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Site U14201

J.M. Jaeger, S.P.S. Gulick, L.J. LeVay, H. Asahi, H. Bahlburg, C.L. Belanger, G.B.B. Berbel, L.B. Childress, E.A. Cowan, L. Drab, M. Forwick, A. Fukumura, S. Ge, S.M. Gupta, A. Kioka, S. Konno, C.E. März, K.M. Matsuzaki, E.L. McClymont, A.C. Mix, C.M. Moy, J. Müller, A. Nakamura, T. Ojima, K.D. Ridgway, F. Rodrigues Ribeiro, O.E. Romero, A.L. Slagle, J.S. Stoner, G. St-Onge, I. Suto, M.H. Walczak, and L.L. Worthington2

Background and objectives

A fundamental hypothesis to be tested with results from Expedition 341 is that the St. Elias orogen has undergone a perturbation that has markedly changed the spatial patterns and rates of deformation and exhumation in the orogenic wedge. It is proposed that enhanced glacial erosion associated with the mid-Pleistocene transition and the establishment of highly erosive ice streams leads to substantial mass redistribution in the wedge, shutting down existing regions of active deformation and refocusing the deformation and exhumation patterns of the orogen (Berger et al., 2008; Worthington et al., 2008, 2010; Chapman et al., 2008). Testing the hypothesis that the onset of ice streams with correspondingly high erosion rates has markedly altered orogenesis (Berger et al., 2008) can be accomplished by developing depositional ages and sediment accumulation rates and acquiring provenance records from near the Bering Glacier, where tectonic deformation patterns have been shown to evolve with sedimentation (Worthington et al., 2010).

Site U1420 lies within the Bering Trough (Fig. F1B), a shelf-crossing trough formed by the Bering Glacier advancing across the shelf during glacial maxima (Carlson and Bruns, 1997). The drill site penetrates through an angular unconformity at shallow subseafloor depths (180–200 m expected) that has been suggested to be the first occurrence of grounded glaciers reaching extents equivalent to the modern shelf edge (Berger et al., 2008). In high-resolution seismic Line GOA2505 and coincident crustal scale Line STEEP09 (Figs. F1A, F2), a series of reflectors is imaged between the seafloor and the angular unconformity (Horizon H1). These reflectors are the signature of glacial advance–retreat cycles with a range of interpretations presented in Berger et al. (2008), Powell and Cooper (2002), Willems (2009), and Worthington et al. (2008). Seismic sequences stratigraphically above this angular unconformity were expected to represent proximal glacial deposits and many deeper sequences thought to represent shelf to slope glacimarine and paraglacial strata deposited during a time of a prograding margin with varying proximity to temperate ice. Lithofacies were expected to vary from coarse-grained diamict and conglomerate (ice proximal) to massive mud (ice-distal/withdrawn) (Fig. F3) (Powell and Cooper, 2002).

Beneath this angular unconformity (Fig. F2) are the waning folds of a portion of the Pamplona zone, which is a fold-and-thrust belt that has accommodated some of the tectonic shortening caused by the underthrusting of the Yakutat Terrane beneath North America to form the St. Elias orogen (Worthington et al., 2010). Previous mapping suggests that folding within the Pamplona Zone beneath the Bering Trough waned by the time of seismic Horizon H2 (Fig. F2) (Berger et al., 2008; Worthington et al., 2010). These seismic profiles also cross active faults on the slope (BT1 and BT2) and abandoned faults beneath the current shelf (BT3, BT4, and BT5) (Fig. F1). Structures BT3, BT4, and BT5 are currently buried by more than ~1500 ms two-way traveltime (TWT) of undeformed sediments and have gradually been rendered inactive starting before deposition of Horizon 2 (Zellers, 1995; Berger et al., 2008; Worthington et al., 2008). Site U1420 is located adjacent to Structure BT4 with the goal of determining the age of cessation of deformation as indicated by the absence of growth strata above Horizon H2 (Worthington et al., 2010). Lack of significant deformation in the sequences above Horizon H2 indicates that the underlying faults were abandoned prior to the angular unconformity (Horizon H1), possibly because of loading by sediments (Berger et al., 2008; Worthington et al., 2010). On the forelimb of the fold associated with Fault BT5, seismic facies interpreted as a continental shelf break are present between 1.0 and 1.5 s TWT. This interpretation suggests that this location was a continental shelf edge prior to the formation of the angular unconformity associated with a glacial advance to near the modern shelf edge (Fig. F2). Truncations of seismic strata, the presence of growth stratal packages on the backlimb, and the overall geometry of Fault BT5 provide evidence that this structure accommodated Yakutat-North America convergence as a growth fold in addition to acting as the former shelf edge. The overall architecture of the continental margin is thus the product of coupled depositional and tectonic processes.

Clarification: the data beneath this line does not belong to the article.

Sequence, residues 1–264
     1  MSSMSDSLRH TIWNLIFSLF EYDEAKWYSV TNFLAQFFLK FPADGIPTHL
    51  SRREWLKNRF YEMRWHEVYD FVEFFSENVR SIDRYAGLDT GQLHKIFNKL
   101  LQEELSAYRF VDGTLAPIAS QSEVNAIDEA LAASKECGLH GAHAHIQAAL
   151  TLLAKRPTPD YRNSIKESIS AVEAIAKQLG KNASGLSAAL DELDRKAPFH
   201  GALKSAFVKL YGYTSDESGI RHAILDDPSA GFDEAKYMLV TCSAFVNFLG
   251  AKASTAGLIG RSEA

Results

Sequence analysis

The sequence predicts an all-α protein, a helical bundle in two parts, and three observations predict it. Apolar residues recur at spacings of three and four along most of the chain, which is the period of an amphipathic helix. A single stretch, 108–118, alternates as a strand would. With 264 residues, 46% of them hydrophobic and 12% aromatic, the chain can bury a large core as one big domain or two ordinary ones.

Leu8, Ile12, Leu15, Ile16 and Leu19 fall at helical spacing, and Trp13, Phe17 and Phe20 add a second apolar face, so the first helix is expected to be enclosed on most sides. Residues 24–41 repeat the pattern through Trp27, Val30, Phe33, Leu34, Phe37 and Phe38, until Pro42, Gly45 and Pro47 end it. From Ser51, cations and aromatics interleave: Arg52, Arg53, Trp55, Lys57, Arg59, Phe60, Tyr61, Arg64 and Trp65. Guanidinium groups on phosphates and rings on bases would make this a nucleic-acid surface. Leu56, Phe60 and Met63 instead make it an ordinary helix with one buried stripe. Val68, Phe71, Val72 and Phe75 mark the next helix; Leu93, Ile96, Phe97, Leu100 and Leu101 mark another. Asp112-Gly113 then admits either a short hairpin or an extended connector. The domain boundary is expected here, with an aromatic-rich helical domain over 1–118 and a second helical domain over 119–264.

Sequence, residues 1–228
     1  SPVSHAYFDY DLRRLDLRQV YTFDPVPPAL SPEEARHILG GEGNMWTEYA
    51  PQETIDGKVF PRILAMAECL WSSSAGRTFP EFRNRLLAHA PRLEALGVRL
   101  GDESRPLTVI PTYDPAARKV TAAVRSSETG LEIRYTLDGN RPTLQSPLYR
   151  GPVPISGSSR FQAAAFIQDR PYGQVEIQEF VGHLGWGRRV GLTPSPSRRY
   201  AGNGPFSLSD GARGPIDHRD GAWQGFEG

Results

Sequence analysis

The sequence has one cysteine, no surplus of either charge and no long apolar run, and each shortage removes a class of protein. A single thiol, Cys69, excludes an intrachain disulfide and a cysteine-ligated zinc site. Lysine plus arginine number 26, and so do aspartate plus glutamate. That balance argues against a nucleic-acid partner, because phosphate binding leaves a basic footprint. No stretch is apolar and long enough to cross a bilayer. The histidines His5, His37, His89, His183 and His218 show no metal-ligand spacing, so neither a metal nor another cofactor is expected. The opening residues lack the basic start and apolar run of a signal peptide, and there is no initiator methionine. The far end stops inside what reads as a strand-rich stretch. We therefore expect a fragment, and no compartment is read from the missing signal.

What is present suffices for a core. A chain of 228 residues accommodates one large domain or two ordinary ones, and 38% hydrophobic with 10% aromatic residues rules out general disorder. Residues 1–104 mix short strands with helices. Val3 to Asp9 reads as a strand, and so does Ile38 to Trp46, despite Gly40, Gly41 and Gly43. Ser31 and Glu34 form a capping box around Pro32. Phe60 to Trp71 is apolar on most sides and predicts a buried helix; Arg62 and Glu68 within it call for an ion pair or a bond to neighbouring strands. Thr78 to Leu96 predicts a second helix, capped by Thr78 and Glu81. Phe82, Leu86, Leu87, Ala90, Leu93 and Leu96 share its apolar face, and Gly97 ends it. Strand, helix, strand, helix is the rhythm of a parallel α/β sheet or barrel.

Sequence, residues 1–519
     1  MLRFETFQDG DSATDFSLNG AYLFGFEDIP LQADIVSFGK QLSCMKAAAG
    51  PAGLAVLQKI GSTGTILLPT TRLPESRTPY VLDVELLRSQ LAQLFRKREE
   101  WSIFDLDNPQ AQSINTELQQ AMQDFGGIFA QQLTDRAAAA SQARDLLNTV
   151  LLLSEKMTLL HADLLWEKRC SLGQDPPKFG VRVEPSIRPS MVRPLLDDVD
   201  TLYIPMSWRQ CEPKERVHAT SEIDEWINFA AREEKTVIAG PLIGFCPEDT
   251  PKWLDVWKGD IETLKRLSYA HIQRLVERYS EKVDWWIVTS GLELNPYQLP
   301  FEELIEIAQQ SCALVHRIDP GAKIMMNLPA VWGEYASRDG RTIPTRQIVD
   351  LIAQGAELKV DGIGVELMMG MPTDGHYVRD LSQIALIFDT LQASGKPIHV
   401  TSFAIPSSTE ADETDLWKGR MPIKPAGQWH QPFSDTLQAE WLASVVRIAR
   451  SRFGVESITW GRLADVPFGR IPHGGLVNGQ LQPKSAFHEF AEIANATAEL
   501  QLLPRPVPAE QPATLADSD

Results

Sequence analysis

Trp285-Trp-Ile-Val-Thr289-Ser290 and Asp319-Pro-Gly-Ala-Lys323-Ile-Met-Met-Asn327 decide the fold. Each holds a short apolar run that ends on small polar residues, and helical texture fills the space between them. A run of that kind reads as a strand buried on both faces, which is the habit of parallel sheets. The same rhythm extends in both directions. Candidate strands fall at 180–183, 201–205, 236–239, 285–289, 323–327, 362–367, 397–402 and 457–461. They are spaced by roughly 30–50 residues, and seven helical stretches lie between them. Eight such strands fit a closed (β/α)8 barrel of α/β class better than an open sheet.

1 Jaeger, J.M., Gulick, S.P.S., LeVay, L.J., Asahi, H., Bahlburg, H., Belanger, C.L., Berbel, G.B.B., Childress, L.B., Cowan, E.A., Drab, L., Forwick, M., Fukumura, A., Ge, S., Gupta, S.M., Kioka, A., Konno, S., März, C.E., Matsuzaki, K.M., McClymont, E.L., Mix, A.C., Moy, C.M., Müller, J., Nakamura, A., Ojima, T., Ridgway, K.D., Rodrigues Ribeiro, F., Romero, O.E., Slagle, A.L.,Stoner, J.S., St-Onge, G., Suto, I., Walczak, M.H., and Worthington, L.L., 2014. Site U1420. In Jaeger, J.M., Gulick, S.P.S., LeVay, L.J., and the Expedition 341 Scientists, Proc. IODP, 341: College Station, TX (Integrated Ocean Drilling Program). doi:10.2204/iodp.proc.341.106.2014

2Expedition 341 Scientists’ addresses.

Publication: 22 November 2014
MS 341-106